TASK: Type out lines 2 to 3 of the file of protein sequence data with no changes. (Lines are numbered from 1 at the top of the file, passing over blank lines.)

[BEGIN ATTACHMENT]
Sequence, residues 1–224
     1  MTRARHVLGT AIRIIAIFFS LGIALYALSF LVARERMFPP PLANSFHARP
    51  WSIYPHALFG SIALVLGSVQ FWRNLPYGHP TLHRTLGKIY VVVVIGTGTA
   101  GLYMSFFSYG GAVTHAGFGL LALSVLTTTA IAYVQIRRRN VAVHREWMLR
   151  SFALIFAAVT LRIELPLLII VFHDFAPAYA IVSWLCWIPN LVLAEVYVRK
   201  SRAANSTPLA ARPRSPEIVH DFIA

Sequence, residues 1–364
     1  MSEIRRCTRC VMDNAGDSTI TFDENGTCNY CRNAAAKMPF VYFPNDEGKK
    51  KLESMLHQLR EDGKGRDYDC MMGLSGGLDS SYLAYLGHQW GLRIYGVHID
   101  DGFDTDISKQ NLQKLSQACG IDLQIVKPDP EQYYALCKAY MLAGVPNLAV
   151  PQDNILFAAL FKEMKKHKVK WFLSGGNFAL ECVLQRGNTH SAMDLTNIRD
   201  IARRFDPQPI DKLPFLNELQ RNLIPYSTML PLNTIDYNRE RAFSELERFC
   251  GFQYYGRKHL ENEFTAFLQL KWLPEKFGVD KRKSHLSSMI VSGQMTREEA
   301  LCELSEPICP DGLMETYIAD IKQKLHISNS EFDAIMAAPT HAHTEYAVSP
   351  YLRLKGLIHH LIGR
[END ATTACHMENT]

     1  MTRARHVLGT AIRIIAIFFS LGIALYALSF LVARERMFPP PLANSFHARP
    51  WSIYPHALFG SIALVLGSVQ FWRNLPYGHP TLHRTLGKIY VVVVIGTGTA